The 10 Habits of Highly Successful Hunter-Gatherers
Taking responsibility obliges us to scrutinize our own complicity in our life’s difficulties, in the bad decisions, in the less-than-ideal circumstances. When we think about our health, our professional lives, our relationships or any other area where grievances live, what have we done/are we doing to perpetuate a miserable pattern? How have we conspired with the negative influences to get us where we’re at? Why do we continue to accept situations that genuinely don’t work for us?
That said, it’s not about chastising ourselves. Taking responsibility for our lives doesn’t call us to emotionally beat ourselves up...
Maybe we really did get a raw deal – in childhood, in the job market, in our first marriage, in that bout with cancer. Taking responsibility doesn’t mean forgetting the past or turning over all awareness of the difficulties we’ve faced. I think it’s more a question of owning our lives – for all their mixed circumstances.
This flies in the face of our ancestors’ culture of immediacy. There’s something to that living in the here and now rather than for the sometime-down-the-road. I think it’s possible to balance the two for the benefit of both, but it’s a deal with the devil to think we can continually neglect ourselves for the people and projected future of our lives. Our sense of balance must demand current and continual well-being for ourselves. When we are nourished and sustained today, we have more to offer to those around us and to our futures.
Build a Tribe
In this day and age, we live in proximity to numbers that would’ve stunned our ancestors. We count our social media “friends” into the hundreds, but we often miss a sense of close, constant connection. Exposure doesn’t fill our social wells. Neither do status updates.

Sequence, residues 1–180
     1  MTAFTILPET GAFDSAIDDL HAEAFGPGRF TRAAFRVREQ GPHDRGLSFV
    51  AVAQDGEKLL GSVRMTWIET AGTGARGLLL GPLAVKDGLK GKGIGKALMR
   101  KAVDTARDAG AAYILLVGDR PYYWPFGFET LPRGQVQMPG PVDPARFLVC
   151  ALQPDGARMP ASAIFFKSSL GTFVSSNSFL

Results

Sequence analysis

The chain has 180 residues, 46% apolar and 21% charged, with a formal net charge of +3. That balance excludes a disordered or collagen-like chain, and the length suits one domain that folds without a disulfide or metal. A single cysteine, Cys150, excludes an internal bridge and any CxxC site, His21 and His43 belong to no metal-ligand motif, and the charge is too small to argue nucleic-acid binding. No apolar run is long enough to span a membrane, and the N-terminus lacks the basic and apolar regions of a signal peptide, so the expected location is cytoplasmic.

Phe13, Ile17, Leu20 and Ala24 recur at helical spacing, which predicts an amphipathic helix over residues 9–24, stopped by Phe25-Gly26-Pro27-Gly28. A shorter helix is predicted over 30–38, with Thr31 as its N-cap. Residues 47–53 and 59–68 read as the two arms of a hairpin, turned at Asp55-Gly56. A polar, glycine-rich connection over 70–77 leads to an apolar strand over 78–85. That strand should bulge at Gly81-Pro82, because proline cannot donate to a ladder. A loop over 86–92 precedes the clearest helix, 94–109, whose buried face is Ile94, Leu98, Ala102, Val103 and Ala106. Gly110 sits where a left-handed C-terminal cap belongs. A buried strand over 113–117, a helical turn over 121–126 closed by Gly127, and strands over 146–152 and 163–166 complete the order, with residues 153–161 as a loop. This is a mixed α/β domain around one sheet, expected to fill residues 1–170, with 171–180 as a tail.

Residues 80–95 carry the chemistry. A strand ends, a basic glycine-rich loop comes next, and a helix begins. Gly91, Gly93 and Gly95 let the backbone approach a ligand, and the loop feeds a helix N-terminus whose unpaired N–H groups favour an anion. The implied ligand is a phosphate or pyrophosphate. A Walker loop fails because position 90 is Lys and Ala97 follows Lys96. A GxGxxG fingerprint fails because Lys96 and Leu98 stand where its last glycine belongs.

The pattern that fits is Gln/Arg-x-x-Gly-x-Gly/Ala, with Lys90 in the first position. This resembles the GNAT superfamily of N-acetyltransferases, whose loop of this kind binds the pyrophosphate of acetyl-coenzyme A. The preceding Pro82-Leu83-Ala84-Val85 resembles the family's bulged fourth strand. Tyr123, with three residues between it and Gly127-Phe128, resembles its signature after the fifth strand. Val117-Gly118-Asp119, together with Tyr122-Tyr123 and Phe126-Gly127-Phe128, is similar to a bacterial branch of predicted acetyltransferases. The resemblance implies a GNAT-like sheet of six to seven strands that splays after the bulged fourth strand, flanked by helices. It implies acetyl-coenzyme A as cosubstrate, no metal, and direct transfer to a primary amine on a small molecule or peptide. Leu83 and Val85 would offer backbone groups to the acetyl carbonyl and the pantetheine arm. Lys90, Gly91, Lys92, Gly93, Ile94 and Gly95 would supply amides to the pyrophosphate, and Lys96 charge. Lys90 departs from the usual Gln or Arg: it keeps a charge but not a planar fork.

If you find yourself at this point in your life without a core group, build one. Don’t make the excuse that you just missed the boat. It’s just too important. You’ll be glad you didn’t later. Feed this “highly successful” habit by first deepening the relationships you already have. When you begin seeing your partner, family members, kids, and closer friends as your tribe, you gain a whole new level of appreciation for the role they play in your life.
For our ancestors, life was an exercise in continual hyper-vigilance. Not every second, but close. It wasn’t just the risk of becoming another creature’s dinner either. Attentiveness also meant watching for weather, catching migratory patterns, and deciphering water sources – just to name a few examples.
The Primal Connection is to be found in giving the moment your full attention. It’s about minding the difference between thoughtful deliberation or reflection and so-called monkey brain. It’s about throwing off the strangling self-absorption we trap ourselves in every day standing in line with our phones or with our mental chatter. See the people, places, and possibilities in front of you.
The thing about us hominids, is this. We think. We imagine. We create. We explore. We experiment and extrapolate. We’re driven to go around yet another corner of the path. We’ll push the envelope continually because it feels good to do it. It’s how we got ahead in the evolutionary game, how we’re so vastly successful after all. The wheel didn’t invent itself. Neither did all the continents come knocking at the door of the African savannah. You get the point.